Challenge 10: Chocolate Packaging

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Challenge 10: Packaging Chocolate

For #Challenge10, we decided to turn to Boston/Cambridge’s burgeoning chocolate industry for inspiration and look at the ways in which different companies—both local and (inter)national—package their chocolates. We researched the most appealing chocolate packaging designs, according to various bloggers and reporters, and met with Eric Parkes of Somerville Chocolates to talk about his packaging decisions.

Packaging Trends

Chocolate packaging is designed very much with the emotional response of the consumer in-mind, aiming to elicit feelings of appreciation of craftsmanship, travel and exoticism, and quality of material. To elicit craftsmanship, the use of high quality and heavier weight material packaging creates an implication that the chocolate product is also made to a higher quality, and research has found that packaging and price does matter even in turns of taste testing, with more expensive and quality looking products tasting better. Aesthetics imploring exoticism and travel are very common surrounding this product as well, using maps, foreign country names, compasses, ships, and other symbols that imply a foreign origin. There is a definite focus on glitter and gloss that imply luxury be it using gold materials or other metallic and iridescent accents. The company gâtés commes des filles even goes so far as to apply iridescent powders to the chocolates themselves.

Materials and Shape

Eric wraps his chocolate with gold foil and paper, and a general industry-wide study reveals that this simple packaging is predominant. The materials have to be easily tearable or disassembled while also representing the high quality and imported aesthetic that consumers look to when buying fine chocolate. Chocolate, as an inherently luxury item, cannot be really packaged in materials that don’t uphold those qualities. While some companies utilize creatively-shaped boxes or bags, the vast majority chose to wrap chocolate bars in the standard rectangular shape. Toblerone is the most famous example of chocolate that doesn’t fit the square shape.

Labeling

Depending on the scale of the operation, packaging might have to include nutritional information to follow USDA policy, but regardless of the factory size and output, all chocolate companies must include standard information on their labels, like whether or not the chocolate was made in a facility containing nuts. Including this information poses a challenge, since the chocolatiers must find a way to follow the regulations without impairing the design. Somerville Chocolates navigated through this problem by making the box containing his health labels transparent, so the design. Other companies choose to design their packaging in a way that the labels do not interfere with the design. Labeling is another opportunity for the companies to perpetuate the image of luxury: many companies include the year that the chocolate beans were harvested, usually handwritten, to emphasize the prestige and handmade quality of the product.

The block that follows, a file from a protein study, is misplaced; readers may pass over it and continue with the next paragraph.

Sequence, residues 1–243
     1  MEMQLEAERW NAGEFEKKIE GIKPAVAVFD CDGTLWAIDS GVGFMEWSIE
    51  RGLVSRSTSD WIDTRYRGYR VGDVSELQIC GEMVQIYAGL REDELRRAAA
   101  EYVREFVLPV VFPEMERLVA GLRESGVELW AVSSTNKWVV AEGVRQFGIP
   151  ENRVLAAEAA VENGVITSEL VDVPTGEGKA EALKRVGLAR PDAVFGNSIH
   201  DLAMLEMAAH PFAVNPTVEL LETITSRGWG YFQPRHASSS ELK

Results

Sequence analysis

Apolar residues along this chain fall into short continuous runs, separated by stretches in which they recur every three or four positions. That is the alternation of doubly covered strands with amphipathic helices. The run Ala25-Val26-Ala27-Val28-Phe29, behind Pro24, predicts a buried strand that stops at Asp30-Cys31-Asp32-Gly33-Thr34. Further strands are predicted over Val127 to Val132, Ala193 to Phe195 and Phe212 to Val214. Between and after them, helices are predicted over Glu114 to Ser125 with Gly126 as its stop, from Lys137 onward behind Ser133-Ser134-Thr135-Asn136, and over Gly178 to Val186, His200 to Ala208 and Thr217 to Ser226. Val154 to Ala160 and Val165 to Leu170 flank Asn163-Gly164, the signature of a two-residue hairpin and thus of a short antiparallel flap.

Our Design

Our survey of chocolate packaging has brought us to an overarching conclusion: Chocolate packaging emphasizes luxury and the sense that the product is hand-crafted. The packaging themes, materials, shapes, and even labeling all come together to create an artisan-type of product. The strength from this design decision include: a defined aesthetic for chocolate packaging that most chocolatiers, even independent ones, can easily find inspiration from and greater certainty of consumer approval of the design. The emphasis on luxury, however, comes with its issues. The most prevalent is that executing the designs often end up being time-consuming and labor-intensive (e.g.: the fact that year of the harvested beans is typically handwritten onto the labeling). This challenge becomes even more pronounced for independent chocolate makers, who are typically the ones who make and package the chocolate themselves. This can also result in making the chocolates more expensive—gâtés commes des filles charges $5 for one piece of chocolate—and such exorbitant pricing can deter potential consumers, even if the chocolate itself is intensely high quality and artisan.

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